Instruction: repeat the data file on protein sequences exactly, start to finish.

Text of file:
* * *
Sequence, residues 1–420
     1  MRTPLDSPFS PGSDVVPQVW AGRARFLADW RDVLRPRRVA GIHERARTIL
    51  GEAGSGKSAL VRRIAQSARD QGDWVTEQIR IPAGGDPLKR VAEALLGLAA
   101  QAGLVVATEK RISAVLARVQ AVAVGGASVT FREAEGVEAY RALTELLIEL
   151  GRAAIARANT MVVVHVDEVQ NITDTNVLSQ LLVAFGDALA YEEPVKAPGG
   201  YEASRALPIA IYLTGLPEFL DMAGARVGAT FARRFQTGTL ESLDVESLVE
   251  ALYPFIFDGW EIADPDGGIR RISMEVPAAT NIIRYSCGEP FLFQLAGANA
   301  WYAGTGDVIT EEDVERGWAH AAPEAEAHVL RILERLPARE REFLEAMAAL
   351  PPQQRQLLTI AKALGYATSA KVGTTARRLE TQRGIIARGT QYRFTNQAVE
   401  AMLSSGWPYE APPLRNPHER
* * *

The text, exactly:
Sequence, residues 1–420
     1  MRTPLDSPFS PGSDVVPQVW AGRARFLADW RDVLRPRRVA GIHERARTIL
    51  GEAGSGKSAL VRRIAQSARD QGDWVTEQIR IPAGGDPLKR VAEALLGLAA
   101  QAGLVVATEK RISAVLARVQ AVAVGGASVT FREAEGVEAY RALTELLIEL
   151  GRAAIARANT MVVVHVDEVQ NITDTNVLSQ LLVAFGDALA YEEPVKAPGG
   201  YEASRALPIA IYLTGLPEFL DMAGARVGAT FARRFQTGTL ESLDVESLVE
   251  ALYPFIFDGW EIADPDGGIR RISMEVPAAT NIIRYSCGEP FLFQLAGANA
   301  WYAGTGDVIT EEDVERGWAH AAPEAEAHVL RILERLPARE REFLEAMAAL
   351  PPQQRQLLTI AKALGYATSA KVGTTARRLE TQRGIIARGT QYRFTNQAVE
   401  AMLSSGWPYE APPLRNPHER